IFAW is one of the world's leading international animal welfare and conservation organisations.
Founded in 1969, IFAW today has representation in 16 countries and works in more than 40. IFAW campaigns to improve the welfare of wild and domestic animals by reducing commercial exploitation of animals, protecting wildlife habitats and assisting animals in distress. IFAW seeks to motivate the public to prevent cruelty to animals and to promote animal welfare and conservation policies that advance the well-being of both animals and people.
We are joined in this important work over one million supporters worldwide, including some 400,000 here in the UK. This broad base of support makes it possible for IFAW to engage communities, government leaders, and like-minded organisations around the world and achieve lasting solutions to pressing animal welfare and conservation challenges - solutions that benefit both animals and people. Over the years, our approach has been as varied as the species we protect.
For more information on International Fund for Animal Welfare visit the IFAW website.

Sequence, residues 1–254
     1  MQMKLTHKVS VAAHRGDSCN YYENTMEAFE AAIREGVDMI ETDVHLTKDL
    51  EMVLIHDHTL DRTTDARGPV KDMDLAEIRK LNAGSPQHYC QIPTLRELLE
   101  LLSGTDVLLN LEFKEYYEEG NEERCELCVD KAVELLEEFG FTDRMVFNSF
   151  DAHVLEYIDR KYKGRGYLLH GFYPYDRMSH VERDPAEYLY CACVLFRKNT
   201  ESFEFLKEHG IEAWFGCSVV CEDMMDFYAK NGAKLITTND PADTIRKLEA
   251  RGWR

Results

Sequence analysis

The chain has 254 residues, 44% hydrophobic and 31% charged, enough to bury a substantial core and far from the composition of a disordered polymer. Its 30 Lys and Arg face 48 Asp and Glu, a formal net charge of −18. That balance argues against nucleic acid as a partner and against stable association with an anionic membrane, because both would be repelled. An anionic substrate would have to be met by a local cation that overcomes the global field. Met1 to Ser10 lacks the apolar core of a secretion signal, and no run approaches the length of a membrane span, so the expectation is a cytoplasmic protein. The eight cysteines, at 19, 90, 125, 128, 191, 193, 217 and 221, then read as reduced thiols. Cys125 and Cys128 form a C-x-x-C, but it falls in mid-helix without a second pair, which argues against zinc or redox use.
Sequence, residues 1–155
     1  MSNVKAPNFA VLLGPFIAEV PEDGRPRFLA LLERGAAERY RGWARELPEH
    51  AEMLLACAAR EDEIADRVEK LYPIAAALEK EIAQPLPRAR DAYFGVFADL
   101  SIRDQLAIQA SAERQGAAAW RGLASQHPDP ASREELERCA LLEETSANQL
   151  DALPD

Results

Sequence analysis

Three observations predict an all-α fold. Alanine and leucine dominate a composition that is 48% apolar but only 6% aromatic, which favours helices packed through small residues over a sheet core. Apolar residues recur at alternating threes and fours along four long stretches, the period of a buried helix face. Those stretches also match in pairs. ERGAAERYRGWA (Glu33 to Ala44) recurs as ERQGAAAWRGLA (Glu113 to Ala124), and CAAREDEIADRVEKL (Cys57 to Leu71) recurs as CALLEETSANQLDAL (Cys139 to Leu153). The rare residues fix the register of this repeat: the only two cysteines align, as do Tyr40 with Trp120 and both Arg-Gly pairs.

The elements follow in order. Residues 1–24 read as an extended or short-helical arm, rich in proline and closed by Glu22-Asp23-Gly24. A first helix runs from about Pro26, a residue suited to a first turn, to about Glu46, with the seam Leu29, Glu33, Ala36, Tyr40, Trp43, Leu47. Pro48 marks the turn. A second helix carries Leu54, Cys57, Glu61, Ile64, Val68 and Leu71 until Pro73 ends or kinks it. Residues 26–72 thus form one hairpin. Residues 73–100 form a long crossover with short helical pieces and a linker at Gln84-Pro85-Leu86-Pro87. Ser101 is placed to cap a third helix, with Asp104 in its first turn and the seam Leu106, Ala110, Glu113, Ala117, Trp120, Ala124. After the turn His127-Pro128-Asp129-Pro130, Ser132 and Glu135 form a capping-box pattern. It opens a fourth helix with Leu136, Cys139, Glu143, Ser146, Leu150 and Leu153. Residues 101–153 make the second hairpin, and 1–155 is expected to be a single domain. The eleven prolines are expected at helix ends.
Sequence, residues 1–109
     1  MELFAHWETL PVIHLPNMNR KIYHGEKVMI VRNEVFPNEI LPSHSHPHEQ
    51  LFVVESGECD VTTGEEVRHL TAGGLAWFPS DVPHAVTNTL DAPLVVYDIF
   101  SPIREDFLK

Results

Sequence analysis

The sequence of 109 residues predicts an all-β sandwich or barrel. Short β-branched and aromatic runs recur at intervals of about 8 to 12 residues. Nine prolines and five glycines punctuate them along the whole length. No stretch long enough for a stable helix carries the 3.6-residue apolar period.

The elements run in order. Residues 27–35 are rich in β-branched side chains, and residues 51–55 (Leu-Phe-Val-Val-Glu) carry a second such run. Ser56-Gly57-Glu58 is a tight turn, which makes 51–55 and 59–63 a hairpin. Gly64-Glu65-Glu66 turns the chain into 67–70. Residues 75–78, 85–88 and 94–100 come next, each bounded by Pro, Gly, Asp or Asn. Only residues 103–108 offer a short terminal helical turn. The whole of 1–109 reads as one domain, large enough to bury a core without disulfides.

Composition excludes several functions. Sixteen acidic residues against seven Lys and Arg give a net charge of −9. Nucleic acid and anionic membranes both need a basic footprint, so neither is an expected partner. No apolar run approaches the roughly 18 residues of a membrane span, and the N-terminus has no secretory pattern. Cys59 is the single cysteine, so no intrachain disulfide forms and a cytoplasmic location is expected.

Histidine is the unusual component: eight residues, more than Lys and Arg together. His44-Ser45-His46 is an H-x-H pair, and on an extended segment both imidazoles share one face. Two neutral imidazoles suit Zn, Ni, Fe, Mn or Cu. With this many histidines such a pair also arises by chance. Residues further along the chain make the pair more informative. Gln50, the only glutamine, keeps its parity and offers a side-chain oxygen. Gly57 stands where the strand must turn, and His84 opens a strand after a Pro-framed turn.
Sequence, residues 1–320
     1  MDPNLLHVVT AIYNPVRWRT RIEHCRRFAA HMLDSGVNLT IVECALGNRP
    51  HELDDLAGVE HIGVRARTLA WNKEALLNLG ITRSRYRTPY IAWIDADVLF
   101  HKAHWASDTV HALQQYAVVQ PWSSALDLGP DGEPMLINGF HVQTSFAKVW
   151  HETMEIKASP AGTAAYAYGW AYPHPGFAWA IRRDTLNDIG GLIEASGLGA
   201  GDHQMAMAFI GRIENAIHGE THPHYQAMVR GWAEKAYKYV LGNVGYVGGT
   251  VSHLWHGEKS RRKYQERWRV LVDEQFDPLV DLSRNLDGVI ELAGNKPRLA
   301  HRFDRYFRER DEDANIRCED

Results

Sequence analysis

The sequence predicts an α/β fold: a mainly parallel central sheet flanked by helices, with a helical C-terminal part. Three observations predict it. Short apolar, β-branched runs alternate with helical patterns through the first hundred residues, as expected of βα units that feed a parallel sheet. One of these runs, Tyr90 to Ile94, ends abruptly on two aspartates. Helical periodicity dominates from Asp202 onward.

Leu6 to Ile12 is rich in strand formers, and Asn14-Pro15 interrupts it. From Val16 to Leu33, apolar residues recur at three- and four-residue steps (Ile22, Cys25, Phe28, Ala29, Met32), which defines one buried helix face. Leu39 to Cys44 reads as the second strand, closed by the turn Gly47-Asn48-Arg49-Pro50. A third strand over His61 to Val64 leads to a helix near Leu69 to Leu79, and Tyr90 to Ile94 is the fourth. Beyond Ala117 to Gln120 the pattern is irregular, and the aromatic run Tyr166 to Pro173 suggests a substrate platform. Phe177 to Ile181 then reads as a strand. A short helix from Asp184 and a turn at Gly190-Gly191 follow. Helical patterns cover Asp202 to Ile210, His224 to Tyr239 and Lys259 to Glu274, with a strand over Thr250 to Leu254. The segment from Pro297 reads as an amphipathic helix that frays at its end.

The International Fund for Animal Welfare (IFAW) has sent desperately needed emergency funds to Cyprus to help feed animals facing starvation because of the current financial crisis.
The International Fund for Animal Welfare (IFAW) is urging Japan to abandon its dying whaling industry as the fleet returns to port with its lowest Antarctic catch since ‘scientific whaling’ began in 1987.
The International Fund for Animal Welfare (IFAW) is disappointed that the UK Government has failed to commit long term support for the National Wildlife Crime Unit, a highly skilled policing unit, which is spearheading the UK’s fight against wildlife crime.
As the 16th Conference of the Parties (CoP) of the Convention on International Trade in Endangered Species (CITES) in Bangkok comes to a close, IFAW is celebrating an historic CoP that left polar bears in the cold but brought additional protection to an unprecedented number of species. In addition to numerous positive results the tone and level of the discussion, which has been rancorous in the past, was largely constructive.
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IFAW has welcomed the decision today by the 16th Conference of the Parties (CoP 16) of the Convention on International Trade in Endangered Species of Wild Fauna and Flora (CITES) to give greater protection to three species of hammerhead sharks, the oceanic whitetip shark and the porbeagle.